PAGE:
China has denounced the Taiwan leader's "stopover" in the United States and urged Washington not to cross the "first red line" of Chinese Taipei's question.
Chinese Foreign Ministry spokeswoman Mao Ning said at a press briefing in Beijing on Thursday China firmly opposes any form of official interaction between the US and the Taiwan region.
"China firmly opposes any form of official interaction between the US and the Taiwan region. We firmly oppose any visit by leader of the Taiwan authorities to the US in any name or under whatever pretext. And we firmly oppose the US having any form of official contact with the Taiwan authorities," Mao said.
"China strongly condemns the US for insisting on arranging Tsai Ing-wen to enter and stop at the US in disregard of China's solemn representations and repeated warnings."
Mao further stated that the US colluded with Chinese Taipei and arranged for Tsai to engage in political activities in the US under the guise of a stopover in a vain attempt to enhance official exchanges and substantive relations with the self-ruled island.
Such an act seriously violated the one-China principle and the provisions of the three China-US joint communique, and seriously damaged China's sovereignty and territorial integrity, sending a seriously wrong signal to 'Taiwan independence' separatist forces, the spokeswoman said.
"This proves once again that the root cause of the new round of tensions across the Taiwan Strait is the repeated attempts of Taiwan authorities to rely on the US to seek independence, while some people in the US intend to use Taiwan to contain China," she said.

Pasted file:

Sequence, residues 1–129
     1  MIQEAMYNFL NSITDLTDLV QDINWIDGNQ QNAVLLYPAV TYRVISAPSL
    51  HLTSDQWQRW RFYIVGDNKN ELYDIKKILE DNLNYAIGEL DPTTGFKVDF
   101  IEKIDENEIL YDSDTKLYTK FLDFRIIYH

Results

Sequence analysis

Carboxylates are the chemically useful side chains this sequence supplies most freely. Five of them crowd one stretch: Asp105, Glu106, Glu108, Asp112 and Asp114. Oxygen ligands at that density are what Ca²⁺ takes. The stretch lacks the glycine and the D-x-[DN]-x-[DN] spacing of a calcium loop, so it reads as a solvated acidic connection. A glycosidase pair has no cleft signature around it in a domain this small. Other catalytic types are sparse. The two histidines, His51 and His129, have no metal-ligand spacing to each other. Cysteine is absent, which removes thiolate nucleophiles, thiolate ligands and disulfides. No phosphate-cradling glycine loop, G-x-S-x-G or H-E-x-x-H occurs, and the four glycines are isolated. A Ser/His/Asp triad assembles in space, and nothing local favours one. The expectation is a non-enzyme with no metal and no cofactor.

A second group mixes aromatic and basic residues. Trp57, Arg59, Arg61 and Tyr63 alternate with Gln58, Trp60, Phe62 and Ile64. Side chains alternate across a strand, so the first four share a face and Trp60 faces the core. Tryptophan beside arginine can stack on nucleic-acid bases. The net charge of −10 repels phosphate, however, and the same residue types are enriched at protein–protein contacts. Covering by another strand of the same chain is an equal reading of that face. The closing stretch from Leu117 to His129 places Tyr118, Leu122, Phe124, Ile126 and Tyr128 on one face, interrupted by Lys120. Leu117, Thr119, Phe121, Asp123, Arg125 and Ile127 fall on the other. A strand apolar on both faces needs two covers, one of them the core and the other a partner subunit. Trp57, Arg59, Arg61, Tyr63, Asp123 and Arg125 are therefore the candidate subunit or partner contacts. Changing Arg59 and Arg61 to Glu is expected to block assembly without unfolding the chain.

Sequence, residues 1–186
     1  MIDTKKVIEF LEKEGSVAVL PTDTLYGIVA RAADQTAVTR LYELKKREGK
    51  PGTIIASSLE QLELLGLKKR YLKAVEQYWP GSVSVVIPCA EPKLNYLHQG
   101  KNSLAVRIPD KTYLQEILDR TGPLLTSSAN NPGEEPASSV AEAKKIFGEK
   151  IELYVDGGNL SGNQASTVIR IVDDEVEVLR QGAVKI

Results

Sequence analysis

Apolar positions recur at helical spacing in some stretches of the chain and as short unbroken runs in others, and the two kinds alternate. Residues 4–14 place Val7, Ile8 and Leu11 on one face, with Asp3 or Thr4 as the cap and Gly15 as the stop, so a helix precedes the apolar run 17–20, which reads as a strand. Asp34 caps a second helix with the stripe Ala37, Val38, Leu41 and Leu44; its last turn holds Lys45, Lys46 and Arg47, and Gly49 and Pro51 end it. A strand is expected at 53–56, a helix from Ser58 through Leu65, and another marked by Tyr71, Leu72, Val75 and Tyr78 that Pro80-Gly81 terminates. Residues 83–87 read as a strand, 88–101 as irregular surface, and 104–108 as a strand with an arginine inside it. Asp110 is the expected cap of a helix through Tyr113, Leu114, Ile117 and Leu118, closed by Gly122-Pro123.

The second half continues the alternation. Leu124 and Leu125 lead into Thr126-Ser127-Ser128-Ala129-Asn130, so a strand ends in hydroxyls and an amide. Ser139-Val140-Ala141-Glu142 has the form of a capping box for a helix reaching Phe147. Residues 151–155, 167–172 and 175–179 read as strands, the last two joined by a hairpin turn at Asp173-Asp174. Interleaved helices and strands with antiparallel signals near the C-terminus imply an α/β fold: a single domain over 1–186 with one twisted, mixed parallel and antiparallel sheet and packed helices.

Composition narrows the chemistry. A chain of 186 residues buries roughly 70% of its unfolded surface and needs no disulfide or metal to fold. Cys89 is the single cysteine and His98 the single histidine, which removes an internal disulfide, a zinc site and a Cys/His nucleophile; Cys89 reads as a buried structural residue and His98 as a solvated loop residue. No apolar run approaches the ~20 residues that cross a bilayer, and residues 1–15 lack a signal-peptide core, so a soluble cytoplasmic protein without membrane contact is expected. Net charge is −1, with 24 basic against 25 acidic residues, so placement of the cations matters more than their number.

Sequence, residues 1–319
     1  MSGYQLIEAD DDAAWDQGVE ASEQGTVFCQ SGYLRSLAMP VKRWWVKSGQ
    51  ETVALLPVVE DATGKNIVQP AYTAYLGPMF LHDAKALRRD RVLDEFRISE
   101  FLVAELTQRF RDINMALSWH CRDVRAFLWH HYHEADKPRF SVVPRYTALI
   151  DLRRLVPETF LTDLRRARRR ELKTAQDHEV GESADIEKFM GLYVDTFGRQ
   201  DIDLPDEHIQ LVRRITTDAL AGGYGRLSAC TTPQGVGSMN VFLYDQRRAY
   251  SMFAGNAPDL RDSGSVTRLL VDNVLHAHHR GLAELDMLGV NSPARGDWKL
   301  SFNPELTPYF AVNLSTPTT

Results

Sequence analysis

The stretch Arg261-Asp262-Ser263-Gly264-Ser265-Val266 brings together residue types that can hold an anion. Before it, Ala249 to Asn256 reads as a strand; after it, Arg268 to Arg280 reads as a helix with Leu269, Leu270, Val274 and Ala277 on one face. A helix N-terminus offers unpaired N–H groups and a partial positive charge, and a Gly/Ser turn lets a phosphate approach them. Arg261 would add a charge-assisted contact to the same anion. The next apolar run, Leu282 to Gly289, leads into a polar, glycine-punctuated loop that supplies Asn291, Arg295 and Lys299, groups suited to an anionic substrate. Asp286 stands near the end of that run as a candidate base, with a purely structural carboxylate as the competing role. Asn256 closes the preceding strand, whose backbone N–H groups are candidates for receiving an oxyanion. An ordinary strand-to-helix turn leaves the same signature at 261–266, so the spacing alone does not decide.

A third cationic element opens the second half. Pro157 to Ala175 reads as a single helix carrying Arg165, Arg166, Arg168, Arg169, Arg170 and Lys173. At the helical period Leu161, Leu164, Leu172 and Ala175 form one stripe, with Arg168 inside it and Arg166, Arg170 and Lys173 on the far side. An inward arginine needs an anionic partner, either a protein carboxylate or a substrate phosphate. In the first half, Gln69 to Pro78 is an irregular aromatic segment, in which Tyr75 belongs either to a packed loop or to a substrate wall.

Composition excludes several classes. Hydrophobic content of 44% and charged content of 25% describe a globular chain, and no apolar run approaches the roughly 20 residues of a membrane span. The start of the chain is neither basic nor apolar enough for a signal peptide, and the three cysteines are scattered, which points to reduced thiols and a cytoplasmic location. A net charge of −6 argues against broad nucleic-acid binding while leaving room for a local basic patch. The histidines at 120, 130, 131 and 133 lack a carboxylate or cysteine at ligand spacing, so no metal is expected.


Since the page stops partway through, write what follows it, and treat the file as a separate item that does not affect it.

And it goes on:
Taiwan's President Tsai Ing-wen arrived in New York Wednesday for an overseas trip that has triggered reprisal by China if she meets with US House speaker Kevin McCarthy.
China has sovereignty over Taiwan. The US does not recognize Taiwan as a country and officially supports the "One China" policy but regularly oversteps its own principles. The island has become China's most sensitive territorial issue and a major bone of contention with Washington.
Washington continues to antagonize Beijing by siding with Taipei's secessionist administration, engaging in frequent military missions around the island, and serving as its largest weapons supplier.
China has repeatedly warned US officials not to meet Tsai, viewing it as support for Taiwan's desire to be seen as a sovereign island.
Elsewhere in her remarks, Mao said the Taiwan question is the core of the crucial interests of China, the bedrock of the political foundation of China-US relations, and the first red line that must not be crossed in China-US relations.
"We urge the US to abide by the one-China principle and the three China-US joint communiques, earnestly deliver on its leaders' commitment of not supporting 'Taiwan independence' or 'two Chinas' or 'one China, one Taiwan', stop all forms of official interaction with Taiwan, stop upgrading its substantive exchanges with the region, and stop fudging and hollowing out the one-China principle. China will closely monitor the developments and firmly defend national sovereignty and territorial integrity," she said.
In a statement on Thursday, Taiwan's ex-President Ma Ying-jeou called for maintaining exchanges with China during a historic mainland visit.
"People on both sides of the strait belong to the same Chinese nation and are descendants of the Chinese people," The 72-year-old former Kuomintang (KMT) party leader said. "The two sides of the Taiwan Strait must maintain exchanges, work together, do everything possible to avoid wars and conflicts, and strive to revitalize China."
Ma's visit to the mainland includes stops in Shanghai, Nanjing, Wuhan, Chongqing and Changsha.
He also met with Song Tao, head of China's Taiwan Affairs Office, asking the official to convey his greetings to President Xi Jinping.
Ma oversaw a dramatic improvement in cross-strait ties during his 2008-16 rule, which culminated in a 2015 summit between him and Xi in Singapore.
Press TV’s website can also be accessed at the following alternate addresses: